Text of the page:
Biodiversity Convention Office
Canada's Biodiversity Convention Office (BCO)  serves as National Focal Point for the United Nations Convention on Biological Diversity  and the Canadian Biodiversity Strategy. BCO also provides a leadership role in the Biodiversity Conservation Working Group of the Commission for Environmental Cooperation and in the Conservation of Arctic Flora and Fauna (CAFF) working group of the Arctic Council.
The BCO was established by Environment Canada in September 1991 to coordinate Canadian involvement in the negotiations of the Convention. Following Canada's ratification of the Convention in December 1992, attention shifted to development of a Canadian response. Under the guidance of the BCO, a Federal-Provincial-Territorial Working Group was charged by the Canadian Council of Ministers of the Environment with developing the Canadian Biodiversity Strategy. In 1996, all jurisdictions signed a statement of commitment to use the Strategy as a guide to implementing the Convention in Canada. In 2005, Ministers instructed the Federal-Provincial-Territorial Working Group to develop a corresponding outcomes-based framework for guiding and monitoring implementation of the Canadian Biodiversity Strategy. This Biodiversity Outcomes Framework was approved by Ministers responsible for Environment, Forests, Parks, Fisheries and Aquaculture, and Wildlife in October 2006.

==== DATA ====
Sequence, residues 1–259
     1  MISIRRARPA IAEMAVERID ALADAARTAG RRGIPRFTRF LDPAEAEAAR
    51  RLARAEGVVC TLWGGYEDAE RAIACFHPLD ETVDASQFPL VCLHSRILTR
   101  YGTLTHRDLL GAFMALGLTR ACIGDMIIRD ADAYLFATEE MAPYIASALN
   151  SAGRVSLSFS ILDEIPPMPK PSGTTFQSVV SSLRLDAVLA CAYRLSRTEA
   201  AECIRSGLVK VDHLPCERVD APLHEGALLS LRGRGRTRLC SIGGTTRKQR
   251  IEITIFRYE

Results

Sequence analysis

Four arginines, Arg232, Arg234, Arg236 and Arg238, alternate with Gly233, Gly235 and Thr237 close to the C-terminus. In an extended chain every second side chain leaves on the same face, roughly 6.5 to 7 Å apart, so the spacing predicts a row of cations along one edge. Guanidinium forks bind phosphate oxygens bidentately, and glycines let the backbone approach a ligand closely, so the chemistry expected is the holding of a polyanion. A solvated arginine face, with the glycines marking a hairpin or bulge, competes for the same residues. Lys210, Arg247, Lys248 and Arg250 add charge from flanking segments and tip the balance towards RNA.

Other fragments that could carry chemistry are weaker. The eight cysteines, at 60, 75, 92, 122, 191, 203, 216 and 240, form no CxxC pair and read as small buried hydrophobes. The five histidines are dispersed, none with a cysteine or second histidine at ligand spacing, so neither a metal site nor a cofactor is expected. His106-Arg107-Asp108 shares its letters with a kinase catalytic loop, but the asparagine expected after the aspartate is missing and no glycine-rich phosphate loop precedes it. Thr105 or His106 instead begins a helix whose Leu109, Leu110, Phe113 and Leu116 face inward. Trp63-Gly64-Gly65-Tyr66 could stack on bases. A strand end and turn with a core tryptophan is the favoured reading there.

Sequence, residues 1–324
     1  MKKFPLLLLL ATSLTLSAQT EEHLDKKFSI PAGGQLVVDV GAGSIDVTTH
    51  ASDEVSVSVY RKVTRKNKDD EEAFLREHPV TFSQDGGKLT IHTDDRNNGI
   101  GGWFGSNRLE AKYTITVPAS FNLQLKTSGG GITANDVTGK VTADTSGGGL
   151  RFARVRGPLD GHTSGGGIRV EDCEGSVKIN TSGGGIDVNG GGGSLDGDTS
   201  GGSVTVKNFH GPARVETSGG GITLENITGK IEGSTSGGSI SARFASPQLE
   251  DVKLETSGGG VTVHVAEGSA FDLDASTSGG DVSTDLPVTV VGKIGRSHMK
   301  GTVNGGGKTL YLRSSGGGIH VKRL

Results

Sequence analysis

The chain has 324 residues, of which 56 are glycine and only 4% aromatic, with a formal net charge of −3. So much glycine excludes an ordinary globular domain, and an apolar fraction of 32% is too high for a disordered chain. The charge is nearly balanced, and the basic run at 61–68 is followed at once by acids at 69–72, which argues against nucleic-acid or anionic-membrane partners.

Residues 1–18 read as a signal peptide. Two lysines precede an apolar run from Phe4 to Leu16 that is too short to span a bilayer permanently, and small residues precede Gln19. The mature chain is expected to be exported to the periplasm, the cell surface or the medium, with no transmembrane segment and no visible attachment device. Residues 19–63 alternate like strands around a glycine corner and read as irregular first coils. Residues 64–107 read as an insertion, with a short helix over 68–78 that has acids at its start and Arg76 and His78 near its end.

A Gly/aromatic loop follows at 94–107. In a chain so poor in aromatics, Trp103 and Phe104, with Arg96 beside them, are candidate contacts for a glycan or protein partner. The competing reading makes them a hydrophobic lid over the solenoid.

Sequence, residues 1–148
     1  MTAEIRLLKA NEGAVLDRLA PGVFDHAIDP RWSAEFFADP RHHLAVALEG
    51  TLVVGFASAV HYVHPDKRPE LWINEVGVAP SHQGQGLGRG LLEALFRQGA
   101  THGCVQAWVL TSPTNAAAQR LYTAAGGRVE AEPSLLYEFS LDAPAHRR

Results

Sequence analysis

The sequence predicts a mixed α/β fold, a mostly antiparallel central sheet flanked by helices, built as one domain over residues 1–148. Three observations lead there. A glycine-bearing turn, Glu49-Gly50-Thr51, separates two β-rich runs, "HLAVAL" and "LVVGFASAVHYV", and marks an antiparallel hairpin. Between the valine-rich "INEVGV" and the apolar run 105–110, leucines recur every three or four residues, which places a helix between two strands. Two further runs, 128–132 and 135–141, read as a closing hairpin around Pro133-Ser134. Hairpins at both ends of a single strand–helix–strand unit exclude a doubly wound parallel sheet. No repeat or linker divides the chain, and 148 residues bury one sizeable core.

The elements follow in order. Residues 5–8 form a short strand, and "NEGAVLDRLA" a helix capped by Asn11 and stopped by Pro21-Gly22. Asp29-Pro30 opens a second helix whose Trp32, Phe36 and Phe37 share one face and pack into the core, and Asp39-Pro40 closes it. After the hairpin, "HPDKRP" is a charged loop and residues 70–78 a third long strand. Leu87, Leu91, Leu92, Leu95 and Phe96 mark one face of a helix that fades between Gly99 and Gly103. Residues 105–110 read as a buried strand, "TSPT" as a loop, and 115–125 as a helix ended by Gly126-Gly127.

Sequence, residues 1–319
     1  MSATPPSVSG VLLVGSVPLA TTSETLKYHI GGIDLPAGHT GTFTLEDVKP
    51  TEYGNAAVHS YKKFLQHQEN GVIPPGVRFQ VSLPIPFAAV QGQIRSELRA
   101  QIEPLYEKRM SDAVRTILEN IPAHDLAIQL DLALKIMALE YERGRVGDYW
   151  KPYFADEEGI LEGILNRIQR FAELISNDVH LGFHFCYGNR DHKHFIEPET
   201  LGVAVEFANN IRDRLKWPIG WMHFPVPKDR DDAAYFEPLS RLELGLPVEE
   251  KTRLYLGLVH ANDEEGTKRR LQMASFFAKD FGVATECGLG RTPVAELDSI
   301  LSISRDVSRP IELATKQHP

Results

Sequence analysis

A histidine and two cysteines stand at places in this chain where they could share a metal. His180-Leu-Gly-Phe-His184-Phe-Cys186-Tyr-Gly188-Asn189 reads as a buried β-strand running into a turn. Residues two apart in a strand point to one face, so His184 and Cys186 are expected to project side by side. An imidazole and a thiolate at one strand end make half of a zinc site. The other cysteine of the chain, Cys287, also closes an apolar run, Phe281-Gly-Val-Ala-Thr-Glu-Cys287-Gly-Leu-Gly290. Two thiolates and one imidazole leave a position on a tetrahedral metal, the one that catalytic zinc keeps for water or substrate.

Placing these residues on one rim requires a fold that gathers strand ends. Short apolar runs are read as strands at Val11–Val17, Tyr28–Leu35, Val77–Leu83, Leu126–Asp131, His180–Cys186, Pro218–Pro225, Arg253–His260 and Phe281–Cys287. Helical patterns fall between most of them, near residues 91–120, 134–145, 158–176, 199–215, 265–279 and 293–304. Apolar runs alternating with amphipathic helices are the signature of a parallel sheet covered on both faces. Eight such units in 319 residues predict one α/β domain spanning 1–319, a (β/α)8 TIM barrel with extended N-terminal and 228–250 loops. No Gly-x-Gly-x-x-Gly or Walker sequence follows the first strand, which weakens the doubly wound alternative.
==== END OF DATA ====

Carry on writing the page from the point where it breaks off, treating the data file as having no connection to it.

The BCO plays a policy coordinating, catalysing and facilitating role in national efforts to define Canada's response to the Convention and National Strategy. It operates through a network of contacts within and outside government. At the federal level, an Interdepartmental Committee on Biodiversity provides advice and guidance on domestic and international policy issues. The Federal/Provincial/Territorial Biodiversity Working Group focuses on national biodiversity issues. BCO also works with indigenous groups to enable their participation in meeting the objectives of the Convention and the Canadian Biodiversity Strategy. It also undertakes a variety of public education activities, helping to create awareness and training tools for national implementation of the Canadian Biodiversity Strategy.
See also: Criticisms of the biodiversity paradigm